|Brunch! mimosas! and riotous theater!
By Ernece B. Kelly
|February 17-February 23, 2005
Throughout, hip-hop music is playing, and the actors must carefully time their dialogue so that it's in-sync with the
beats. Testimony to the deft touch of the composer, most of this comes off smoothly, but when the actors are clearly
waiting for their "beat," the strain is obvious.
The plot is straightforward. An outraged Miriam Cook kills her husband; there's a trial, the jurors are bitterly divided,
a verdict is delivered and the play ends. Except that there's a shocking epilogue, which turns everything upside down.
Most of the actors turn in only cameo appearances as jurors. All of them turn in serviceable jobs. Hankins turns a
jaundiced eye and ear to the inside of the Jury Room. We watch them bicker, argue, even physically fight to
persuade one another. Most troubling is that many of them made up their minds before the trial began! So that as
the trial proceeds one is actually thinking about the defendant's clothes, another about going on vacation, and a third
is worrying about getting back to work.
Among the principal actors, standout performers are Ann Estill as Mrs. Martinez, a housekeeper who spills
incriminating stuff and Hankins herself in the juicy role of Mrs. Cook's attorney. Both have extensive careers in the
theater, with Estill holding a doctorate in voice performance.
Short, the musical, lasts only 40 minutes, and is performed to the recorded sounds of hip-hop. This may be the one
fundamental miscalculation of "A Weapon Most Unusual."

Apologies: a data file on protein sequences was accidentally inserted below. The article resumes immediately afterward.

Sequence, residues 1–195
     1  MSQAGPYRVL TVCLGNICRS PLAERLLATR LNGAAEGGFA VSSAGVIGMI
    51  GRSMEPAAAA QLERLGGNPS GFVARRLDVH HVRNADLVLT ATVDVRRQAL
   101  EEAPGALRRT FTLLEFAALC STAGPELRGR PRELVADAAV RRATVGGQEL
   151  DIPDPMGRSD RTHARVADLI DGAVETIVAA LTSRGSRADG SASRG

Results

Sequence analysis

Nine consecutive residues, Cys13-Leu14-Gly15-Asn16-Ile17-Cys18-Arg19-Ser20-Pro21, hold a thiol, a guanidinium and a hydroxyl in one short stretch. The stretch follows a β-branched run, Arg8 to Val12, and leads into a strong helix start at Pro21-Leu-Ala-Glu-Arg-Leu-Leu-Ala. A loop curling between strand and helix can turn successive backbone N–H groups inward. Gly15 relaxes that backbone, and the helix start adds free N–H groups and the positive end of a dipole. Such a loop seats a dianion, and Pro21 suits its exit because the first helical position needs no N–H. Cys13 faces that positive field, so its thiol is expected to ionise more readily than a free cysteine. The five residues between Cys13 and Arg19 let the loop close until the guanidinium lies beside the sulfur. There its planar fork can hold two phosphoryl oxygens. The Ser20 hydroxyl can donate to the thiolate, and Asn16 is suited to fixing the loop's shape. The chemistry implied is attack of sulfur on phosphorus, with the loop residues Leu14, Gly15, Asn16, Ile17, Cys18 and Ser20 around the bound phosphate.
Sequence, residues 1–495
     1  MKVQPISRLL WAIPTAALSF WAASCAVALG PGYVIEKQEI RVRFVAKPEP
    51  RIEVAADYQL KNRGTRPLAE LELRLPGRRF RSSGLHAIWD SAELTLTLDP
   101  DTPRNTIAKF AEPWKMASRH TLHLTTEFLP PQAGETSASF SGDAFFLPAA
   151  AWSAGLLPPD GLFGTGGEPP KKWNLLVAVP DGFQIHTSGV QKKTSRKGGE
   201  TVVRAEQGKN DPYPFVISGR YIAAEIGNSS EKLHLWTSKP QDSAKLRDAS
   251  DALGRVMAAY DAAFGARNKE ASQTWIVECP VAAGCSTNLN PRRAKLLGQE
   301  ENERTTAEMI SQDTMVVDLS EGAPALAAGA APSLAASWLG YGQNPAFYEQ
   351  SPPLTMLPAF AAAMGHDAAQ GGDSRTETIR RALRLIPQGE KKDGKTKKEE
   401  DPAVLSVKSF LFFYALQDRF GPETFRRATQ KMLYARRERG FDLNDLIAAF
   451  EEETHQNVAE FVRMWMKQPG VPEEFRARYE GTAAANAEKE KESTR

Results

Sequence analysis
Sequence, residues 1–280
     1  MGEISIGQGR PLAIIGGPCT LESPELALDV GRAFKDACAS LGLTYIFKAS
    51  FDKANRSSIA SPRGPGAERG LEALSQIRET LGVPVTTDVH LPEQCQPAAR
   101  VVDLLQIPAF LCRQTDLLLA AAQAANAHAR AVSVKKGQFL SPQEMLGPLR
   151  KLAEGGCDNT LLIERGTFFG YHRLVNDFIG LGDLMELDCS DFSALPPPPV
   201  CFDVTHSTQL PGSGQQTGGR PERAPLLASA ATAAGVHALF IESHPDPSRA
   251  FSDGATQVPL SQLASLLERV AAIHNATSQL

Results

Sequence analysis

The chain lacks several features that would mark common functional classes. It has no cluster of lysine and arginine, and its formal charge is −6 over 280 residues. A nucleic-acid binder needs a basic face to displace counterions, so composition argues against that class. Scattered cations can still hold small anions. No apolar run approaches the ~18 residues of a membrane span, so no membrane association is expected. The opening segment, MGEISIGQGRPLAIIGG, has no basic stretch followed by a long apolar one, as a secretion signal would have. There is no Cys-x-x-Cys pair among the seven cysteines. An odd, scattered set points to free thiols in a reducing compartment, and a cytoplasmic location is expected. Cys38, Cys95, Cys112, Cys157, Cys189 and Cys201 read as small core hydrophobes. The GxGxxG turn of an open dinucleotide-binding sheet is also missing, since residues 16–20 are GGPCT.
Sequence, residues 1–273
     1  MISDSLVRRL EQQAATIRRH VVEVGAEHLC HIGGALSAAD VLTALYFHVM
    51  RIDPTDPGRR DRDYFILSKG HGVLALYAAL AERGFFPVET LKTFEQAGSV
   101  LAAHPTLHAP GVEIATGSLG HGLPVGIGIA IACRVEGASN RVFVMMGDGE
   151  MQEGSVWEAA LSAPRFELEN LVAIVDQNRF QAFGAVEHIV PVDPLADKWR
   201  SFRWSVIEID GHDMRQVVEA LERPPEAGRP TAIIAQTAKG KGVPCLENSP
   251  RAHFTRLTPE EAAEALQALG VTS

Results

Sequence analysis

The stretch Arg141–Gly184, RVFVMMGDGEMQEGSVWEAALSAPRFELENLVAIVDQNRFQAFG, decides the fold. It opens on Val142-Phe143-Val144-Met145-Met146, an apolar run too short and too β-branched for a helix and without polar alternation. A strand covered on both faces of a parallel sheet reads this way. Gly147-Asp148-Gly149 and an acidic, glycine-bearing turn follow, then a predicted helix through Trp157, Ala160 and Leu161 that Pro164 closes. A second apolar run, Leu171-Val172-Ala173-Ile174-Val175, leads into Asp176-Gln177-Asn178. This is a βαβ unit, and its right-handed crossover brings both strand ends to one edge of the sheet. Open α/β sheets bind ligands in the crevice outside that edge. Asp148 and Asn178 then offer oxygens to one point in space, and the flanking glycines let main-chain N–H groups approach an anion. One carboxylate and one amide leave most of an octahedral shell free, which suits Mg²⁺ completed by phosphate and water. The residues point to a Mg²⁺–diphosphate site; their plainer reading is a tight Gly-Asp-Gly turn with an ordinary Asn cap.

Hip-hop is the music of youth, yet the musical is pitched to an adult audience capable of appreciating issues of
adultery, fraud and which won't be offended by raw language, including a reference to Mrs. Cook as a "psychotic
b----." So, in some basic way, the choice of music is all wrong for the theme and tenor of the play.
That said, if you're looking for an enjoyable way to spend a weekend afternoon, you can munch and drink while
catching a broadly, funny play. "A Weapon Most Unusual" is slated to run through the summer at the Playwright
Tavern and Restaurant in midtown.
|Cast of "A Weapon Most Unusual!"
Writer,-director Jacqueline Hankins has done it again! Her new
hip-hop musical mystery, "A Weapon Most Unusual!" is, by turns, funny
Using the winning formula introduced in her 2004 theater piece,
"Cookin' the Books: A Recipe for Murder," also produced as
brunch-theater, Hankins combines live theater with motion pictures,
both with and without sound. (Some of the best scenes have no sound
track, forcing actors to over-act to hilarious effect).